Visit the Coney Island History Project under the Wonder Wheel!
Due to the COVID-19 emergency, the Coney Island History Project has postponed walking tours, visits to our exhibition center, events at schools and senior centers, and in-person oral history interviews until further notice. In order to maintain appropriate social distancing while continuing to engage with our community, our staff is recording oral histories from home via phone, Zoom, and Skype, and creating new virtual exhibits. Please email email@example.com for information.
Now more than ever we encourage you to browse the Coney Island History Project's website, which in addition to our Oral History Archive includes our new Podcast, Ask Mr. Coney Island, selections from our Collection, and Coney News and Hall of Fame. Follow us on Facebook, Twitter, Instagram and YouTube to learn about Coney Island's legendary and colorful past and the Coney Island community of today.
We look forward to welcoming visitors to the Coney Island History Project exhibition center again soon. In the meantime, please stay safe and take care.
We’re thrilled to be celebrating the Coney Island History Project's 16th anniversary and Deno's Wonder Wheel's centennial in 2020! Since the History Project's inception in 2004 with a portable recording booth on the Boardwalk, followed by the opening of the Coney Island Hall of Fame in 2005 and the inaugural season of our exhibition center under the Cyclone in 2007, we have proudly offered "Free Admission for One and All!" at our exhibits and special events.
In 2011, the History Project continued that tradition when we moved from the Cyclone to our new exhibition center in Deno's Wonder Wheel Park. We are grateful to the Vourderis family for inviting us to set up history exhibits in locations around their park, and to the Albert family for their ongoing support as the History Project continues its mission of recording oral histories with people who have lived, worked, and played in Coney Island.
The Coney Island History Project's exhibition center is located on West 12th Street at the entrance to Deno's Wonder Wheel Park, just a few steps off the Boardwalk. View historic artifacts, photographs, maps, ephemera and films of Coney Island's colorful past. The History Project is open weekends and holidays from Memorial Day Weekend through Labor Day from 1-7pm. We also open on Palm Sunday (April 5th in 2020) which is Coney Island's opening day of the season, and Easter Sunday (April 12) from 1-6pm. Admission is free of charge.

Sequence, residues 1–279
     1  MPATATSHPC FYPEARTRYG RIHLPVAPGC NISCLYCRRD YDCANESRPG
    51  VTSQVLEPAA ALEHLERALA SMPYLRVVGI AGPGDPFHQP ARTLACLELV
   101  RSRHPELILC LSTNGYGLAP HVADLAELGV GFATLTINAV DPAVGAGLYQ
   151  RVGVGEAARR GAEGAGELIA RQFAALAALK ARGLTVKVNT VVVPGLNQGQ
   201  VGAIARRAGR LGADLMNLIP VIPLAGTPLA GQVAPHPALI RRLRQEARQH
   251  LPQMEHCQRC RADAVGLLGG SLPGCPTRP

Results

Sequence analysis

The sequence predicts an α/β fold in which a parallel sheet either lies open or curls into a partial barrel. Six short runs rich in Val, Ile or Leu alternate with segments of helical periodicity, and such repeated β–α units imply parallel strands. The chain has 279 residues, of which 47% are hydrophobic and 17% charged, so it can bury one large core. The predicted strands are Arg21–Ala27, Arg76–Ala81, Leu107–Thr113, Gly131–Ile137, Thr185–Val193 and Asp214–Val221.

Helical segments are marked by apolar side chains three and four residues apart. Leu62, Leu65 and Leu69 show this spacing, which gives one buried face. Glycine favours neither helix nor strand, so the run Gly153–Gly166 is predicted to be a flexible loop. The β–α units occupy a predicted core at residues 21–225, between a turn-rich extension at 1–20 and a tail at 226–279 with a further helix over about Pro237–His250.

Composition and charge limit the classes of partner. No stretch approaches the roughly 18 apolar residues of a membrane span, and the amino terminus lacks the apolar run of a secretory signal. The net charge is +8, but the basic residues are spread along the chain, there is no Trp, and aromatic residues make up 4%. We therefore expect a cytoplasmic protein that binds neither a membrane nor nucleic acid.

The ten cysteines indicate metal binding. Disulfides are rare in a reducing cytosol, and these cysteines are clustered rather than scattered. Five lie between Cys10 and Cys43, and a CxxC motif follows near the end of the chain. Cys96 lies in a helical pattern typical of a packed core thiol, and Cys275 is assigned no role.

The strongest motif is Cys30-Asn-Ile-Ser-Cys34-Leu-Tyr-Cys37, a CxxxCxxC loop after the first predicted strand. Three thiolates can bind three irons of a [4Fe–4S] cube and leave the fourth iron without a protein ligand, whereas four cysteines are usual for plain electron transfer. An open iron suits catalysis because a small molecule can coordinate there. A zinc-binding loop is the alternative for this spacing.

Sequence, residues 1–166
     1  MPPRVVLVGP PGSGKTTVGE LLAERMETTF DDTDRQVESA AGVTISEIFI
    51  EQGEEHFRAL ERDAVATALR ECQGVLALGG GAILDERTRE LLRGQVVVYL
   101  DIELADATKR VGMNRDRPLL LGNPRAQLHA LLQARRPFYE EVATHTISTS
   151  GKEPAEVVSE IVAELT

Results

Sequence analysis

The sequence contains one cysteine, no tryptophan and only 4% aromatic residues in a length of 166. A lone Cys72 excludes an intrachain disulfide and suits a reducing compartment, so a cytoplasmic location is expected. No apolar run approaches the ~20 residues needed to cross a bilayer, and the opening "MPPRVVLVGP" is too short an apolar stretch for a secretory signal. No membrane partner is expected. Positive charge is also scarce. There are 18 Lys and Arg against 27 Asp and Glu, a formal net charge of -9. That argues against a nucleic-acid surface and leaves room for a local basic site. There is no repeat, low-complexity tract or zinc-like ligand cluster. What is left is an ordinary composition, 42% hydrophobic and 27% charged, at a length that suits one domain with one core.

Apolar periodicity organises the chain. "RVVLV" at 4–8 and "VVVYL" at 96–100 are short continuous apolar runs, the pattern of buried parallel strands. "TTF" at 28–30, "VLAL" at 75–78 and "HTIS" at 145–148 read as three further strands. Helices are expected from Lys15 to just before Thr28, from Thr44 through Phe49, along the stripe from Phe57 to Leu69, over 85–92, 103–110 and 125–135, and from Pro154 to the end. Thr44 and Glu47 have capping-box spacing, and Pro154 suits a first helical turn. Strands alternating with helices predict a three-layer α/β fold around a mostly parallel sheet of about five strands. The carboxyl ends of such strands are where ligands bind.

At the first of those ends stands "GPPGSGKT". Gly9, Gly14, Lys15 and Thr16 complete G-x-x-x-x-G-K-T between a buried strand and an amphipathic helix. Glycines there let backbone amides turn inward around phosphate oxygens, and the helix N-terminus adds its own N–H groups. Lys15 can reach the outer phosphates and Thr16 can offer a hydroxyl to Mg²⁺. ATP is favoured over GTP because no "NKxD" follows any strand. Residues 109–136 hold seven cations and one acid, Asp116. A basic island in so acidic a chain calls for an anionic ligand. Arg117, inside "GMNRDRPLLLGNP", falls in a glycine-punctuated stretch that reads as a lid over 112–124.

Visitors are invited to take free souvenir photos with Coney Island's only original Steeplechase horse, from the legendary ride that gave Steeplechase Park its name, and the iconic Cyclops head from Deno's Wonder Wheel Park's Spook-A-Rama, Coney Island's oldest dark ride. Among the treasures on display at the Coney Island History Project’s exhibit center this season is Coney Island’s oldest surviving artifact from the dawn of the “World’s Playground.” The 1823 Toll House sign dates back to the days when the toll for a horse and rider to “the Island” was 5 cents! Today, the nearly two century old sign is often described as Coney Island's "first admission ticket."
The Coney Island History Project's special exhibition for the 2020 season will celebrate the 100 year history of the Wonder Wheel.
In addition, the Coney Island History Project offers year-round weekend walking tours which begin with a tour of the exhibit center including a talk about the objects on display. Tours are based on History Project director Charles Denson's award-winning book Coney Island: Lost and Found, the interviews from CIHP’s Oral History Archive, and other primary sources. Visit our online reservation site to see the walking tour schedule and purchase advance tickets online. If you have a question or to arrange a private visit or group tour, please e-mail events[AT]coneyislandhistory[DOT]org.
We're also open year-round by appointment to record interviews with people who have lived, worked or played in Coney Island for our Oral History Archive. Throughout the year, we conduct cultural enrichment programs at schools and senior centers in the community.
The Coney Island Project is supported, in part, by the New York City Department of Cultural Affairs in partnership with the City Council and New York City Councilman Mark Treyger; Humanities New York and the National Endowment for the Humanities; the William G. Pomeroy Foundation and the Museum Association of New York; and our members and contributors. Printed materials made possible with funds from the Destination: Brooklyn Program, funded by the Office of the Brooklyn Borough President Eric L. Adams and NYC & Company Foundation, administered by Brooklyn Arts Council.